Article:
An evolutionary biologist is making headlines for his claims that a parasite, most often found in cats, is controlling human brains.
Toxoplasma gondii is a common parasite that jumps from rats to cats to humans.
The parasite hijacks the rat’s brain, reducing its fear and slowing its reaction times, which make the rat easier prey for felines who, after digesting their kill, become infected themselves.
The leap from cat human happens mostly through contact with undercooked meat, contaminated water and cat litterboxes.
After being infected in 1990, presumably by one of his two cats, evolutionary biologist Jaroslav Flegr noticed changes in his behavior and wondered if the parasite could be controlling his brain.
“I thought it might explain some of my strange behaviours – ones that are non-adaptive for me but adaptive for a parasite that needs to get to a new host.”
Like the rats, Flegr seemed to be lacking in fear. “I would cross the street in traffic and not jump when the cars honked.”
Widely mocked at the time, Flegr dedicated the next 15 years to proving his hypothesis and discovered some startling patterns.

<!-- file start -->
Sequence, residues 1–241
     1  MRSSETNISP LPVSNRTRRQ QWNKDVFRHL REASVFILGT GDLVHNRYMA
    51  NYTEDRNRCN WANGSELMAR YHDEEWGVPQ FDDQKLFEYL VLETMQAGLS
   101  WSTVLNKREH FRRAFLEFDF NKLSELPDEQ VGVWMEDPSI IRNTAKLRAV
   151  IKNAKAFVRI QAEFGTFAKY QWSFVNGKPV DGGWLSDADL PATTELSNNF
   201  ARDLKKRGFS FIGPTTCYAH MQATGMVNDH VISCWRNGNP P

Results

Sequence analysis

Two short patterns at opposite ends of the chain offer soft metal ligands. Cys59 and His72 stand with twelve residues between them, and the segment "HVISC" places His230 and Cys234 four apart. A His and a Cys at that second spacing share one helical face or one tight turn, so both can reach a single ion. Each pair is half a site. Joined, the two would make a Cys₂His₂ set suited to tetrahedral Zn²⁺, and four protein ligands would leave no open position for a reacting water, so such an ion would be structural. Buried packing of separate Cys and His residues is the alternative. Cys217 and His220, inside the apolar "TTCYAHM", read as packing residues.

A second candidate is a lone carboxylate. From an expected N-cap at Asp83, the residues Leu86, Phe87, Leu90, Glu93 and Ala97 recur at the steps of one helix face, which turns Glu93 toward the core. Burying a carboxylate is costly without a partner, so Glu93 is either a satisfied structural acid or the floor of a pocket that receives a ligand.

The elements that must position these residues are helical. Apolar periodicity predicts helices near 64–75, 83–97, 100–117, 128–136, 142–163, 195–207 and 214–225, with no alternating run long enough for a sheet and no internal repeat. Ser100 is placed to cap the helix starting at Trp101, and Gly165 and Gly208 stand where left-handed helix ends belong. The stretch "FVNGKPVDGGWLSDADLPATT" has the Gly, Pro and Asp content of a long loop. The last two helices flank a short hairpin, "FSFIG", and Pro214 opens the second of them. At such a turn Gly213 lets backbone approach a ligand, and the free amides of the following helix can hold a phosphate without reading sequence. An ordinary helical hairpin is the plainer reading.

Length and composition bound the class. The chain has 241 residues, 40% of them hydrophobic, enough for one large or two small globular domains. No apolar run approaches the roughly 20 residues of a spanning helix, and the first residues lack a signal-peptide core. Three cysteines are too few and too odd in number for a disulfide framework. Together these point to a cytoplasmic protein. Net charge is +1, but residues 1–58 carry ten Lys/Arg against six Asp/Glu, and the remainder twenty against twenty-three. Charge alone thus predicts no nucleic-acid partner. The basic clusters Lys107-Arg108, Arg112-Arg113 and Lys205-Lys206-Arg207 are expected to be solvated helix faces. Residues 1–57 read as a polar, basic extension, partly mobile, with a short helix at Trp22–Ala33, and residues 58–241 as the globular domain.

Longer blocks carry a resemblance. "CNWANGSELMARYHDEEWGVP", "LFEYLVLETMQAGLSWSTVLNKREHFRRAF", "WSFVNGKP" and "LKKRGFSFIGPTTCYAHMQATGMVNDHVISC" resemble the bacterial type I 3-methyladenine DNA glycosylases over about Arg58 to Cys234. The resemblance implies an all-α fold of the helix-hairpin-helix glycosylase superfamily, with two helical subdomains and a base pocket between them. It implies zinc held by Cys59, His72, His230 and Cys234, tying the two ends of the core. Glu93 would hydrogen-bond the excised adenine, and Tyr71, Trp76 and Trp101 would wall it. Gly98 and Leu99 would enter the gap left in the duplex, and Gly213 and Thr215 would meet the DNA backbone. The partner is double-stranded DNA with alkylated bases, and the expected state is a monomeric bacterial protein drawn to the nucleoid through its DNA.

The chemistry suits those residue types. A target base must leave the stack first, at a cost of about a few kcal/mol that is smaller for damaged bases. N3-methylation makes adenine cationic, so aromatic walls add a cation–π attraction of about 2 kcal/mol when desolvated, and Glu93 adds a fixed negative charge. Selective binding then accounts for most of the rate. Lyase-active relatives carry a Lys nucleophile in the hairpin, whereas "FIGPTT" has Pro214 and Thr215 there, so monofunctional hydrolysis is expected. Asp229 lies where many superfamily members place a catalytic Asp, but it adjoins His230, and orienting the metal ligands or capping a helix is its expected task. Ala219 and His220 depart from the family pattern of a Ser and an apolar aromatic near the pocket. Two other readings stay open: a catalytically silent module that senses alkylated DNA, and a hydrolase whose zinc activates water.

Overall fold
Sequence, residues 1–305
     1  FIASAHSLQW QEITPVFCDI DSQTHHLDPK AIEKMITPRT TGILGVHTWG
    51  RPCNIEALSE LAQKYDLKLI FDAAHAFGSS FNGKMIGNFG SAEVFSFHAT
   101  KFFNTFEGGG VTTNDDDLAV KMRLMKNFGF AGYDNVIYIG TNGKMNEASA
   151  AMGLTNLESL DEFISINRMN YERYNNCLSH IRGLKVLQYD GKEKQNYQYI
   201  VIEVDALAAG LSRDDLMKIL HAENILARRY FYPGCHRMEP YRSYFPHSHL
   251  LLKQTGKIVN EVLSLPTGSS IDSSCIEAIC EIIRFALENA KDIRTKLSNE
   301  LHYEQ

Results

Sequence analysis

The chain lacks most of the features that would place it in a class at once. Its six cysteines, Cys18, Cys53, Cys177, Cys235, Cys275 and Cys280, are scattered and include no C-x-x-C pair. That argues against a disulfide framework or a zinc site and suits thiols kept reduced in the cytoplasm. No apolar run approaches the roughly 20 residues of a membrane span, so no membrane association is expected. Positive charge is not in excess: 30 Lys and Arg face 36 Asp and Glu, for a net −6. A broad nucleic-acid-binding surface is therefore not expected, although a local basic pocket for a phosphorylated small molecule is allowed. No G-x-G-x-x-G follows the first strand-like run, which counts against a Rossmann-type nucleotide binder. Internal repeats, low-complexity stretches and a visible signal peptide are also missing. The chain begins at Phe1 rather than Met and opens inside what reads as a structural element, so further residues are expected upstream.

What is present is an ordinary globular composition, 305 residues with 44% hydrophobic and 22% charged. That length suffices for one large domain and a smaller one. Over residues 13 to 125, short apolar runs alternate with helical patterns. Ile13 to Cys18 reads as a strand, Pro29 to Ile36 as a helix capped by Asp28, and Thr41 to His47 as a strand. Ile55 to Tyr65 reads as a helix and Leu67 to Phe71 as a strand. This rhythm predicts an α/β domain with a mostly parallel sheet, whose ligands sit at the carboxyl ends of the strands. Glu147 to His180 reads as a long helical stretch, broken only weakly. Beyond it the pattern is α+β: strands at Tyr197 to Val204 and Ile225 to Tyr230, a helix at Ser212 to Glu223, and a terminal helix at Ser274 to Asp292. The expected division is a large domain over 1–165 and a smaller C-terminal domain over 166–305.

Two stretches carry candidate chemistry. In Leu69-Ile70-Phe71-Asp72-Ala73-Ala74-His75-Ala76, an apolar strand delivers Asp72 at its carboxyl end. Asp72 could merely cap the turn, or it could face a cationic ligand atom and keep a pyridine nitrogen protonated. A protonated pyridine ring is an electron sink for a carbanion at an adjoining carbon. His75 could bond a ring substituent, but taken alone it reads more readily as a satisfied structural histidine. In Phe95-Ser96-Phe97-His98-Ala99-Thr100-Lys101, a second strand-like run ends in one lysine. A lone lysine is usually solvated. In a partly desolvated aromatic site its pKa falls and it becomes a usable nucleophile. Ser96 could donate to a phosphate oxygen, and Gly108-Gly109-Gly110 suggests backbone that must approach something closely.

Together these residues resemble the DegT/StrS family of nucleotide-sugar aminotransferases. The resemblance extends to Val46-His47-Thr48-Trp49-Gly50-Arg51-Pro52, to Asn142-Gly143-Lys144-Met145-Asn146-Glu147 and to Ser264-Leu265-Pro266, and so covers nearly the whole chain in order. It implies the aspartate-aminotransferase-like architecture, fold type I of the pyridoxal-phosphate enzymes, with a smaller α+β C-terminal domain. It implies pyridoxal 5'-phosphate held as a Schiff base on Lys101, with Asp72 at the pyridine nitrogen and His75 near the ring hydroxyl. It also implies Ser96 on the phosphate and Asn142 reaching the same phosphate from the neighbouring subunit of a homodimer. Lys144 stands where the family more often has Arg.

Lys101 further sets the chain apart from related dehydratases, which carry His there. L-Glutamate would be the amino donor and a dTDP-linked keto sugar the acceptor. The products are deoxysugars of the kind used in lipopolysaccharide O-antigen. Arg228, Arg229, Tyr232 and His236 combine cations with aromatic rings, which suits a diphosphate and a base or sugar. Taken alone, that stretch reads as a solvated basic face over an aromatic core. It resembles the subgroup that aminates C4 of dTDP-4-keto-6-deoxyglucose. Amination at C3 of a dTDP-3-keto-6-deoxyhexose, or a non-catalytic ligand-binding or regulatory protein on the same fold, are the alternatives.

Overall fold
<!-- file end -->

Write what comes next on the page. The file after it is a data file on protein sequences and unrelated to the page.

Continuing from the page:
Those infected with the parasite were 2.6 times more likely to be in a car accident and had a higher risk of developing schizophrenia. Other researchers also found links between suicide and Toxoplasma gondii.
“Infected people also tend to be less conscientious. And our male subjects considered the scent of cat urine quite pleasurable,” Flegr told National Geographic.
Interestingly, the parasite appears to have perfectly opposite effects on men and women. Males become more suspicious, introverted and rule-breaking. Females become more outgoing, trusting and rule-abiding.